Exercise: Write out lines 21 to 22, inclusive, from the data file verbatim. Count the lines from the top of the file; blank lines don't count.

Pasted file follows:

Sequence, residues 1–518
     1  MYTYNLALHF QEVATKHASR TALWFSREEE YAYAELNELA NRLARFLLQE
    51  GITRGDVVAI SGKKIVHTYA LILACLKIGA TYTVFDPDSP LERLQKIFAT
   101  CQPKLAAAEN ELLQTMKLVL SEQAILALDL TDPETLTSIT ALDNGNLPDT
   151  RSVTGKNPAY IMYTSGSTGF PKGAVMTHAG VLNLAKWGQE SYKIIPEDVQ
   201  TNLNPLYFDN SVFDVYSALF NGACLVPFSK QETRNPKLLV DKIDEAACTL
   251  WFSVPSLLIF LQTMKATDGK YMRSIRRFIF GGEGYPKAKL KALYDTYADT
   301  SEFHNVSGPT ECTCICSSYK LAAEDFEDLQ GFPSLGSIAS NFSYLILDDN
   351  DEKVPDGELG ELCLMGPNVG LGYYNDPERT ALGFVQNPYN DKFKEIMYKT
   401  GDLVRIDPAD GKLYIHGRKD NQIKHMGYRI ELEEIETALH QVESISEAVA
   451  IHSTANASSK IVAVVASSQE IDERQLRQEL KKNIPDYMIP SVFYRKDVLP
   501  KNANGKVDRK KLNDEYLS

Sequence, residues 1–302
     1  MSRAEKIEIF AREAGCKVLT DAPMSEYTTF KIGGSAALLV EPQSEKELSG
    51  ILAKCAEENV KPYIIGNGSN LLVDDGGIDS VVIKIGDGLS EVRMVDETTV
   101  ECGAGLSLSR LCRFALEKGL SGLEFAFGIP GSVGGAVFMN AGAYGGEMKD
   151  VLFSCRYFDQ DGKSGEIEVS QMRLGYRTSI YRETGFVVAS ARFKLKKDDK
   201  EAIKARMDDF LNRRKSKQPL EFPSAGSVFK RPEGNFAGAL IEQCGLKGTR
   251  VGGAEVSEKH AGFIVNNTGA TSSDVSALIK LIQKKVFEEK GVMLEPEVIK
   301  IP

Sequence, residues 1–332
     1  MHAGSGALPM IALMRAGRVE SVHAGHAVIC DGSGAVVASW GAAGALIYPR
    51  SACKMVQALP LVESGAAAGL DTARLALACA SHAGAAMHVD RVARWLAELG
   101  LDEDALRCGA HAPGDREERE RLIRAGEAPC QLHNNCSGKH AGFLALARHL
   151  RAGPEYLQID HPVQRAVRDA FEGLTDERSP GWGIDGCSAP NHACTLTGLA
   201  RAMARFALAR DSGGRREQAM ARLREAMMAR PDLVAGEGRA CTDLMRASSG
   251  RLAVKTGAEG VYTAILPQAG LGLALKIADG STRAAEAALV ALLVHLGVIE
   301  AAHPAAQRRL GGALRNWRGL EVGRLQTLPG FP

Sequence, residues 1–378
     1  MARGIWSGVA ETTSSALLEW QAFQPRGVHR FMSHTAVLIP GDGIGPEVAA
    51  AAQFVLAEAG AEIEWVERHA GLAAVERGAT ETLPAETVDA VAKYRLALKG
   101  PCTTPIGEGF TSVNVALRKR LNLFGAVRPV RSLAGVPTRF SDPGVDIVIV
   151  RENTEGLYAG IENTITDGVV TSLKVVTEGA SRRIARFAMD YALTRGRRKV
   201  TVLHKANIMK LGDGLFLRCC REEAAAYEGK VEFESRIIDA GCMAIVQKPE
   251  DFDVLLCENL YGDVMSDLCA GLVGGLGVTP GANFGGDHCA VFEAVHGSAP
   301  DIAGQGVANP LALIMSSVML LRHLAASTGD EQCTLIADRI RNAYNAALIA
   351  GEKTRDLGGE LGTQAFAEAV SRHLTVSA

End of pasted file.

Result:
Sequence, residues 1–332
     1  MHAGSGALPM IALMRAGRVE SVHAGHAVIC DGSGAVVASW GAAGALIYPR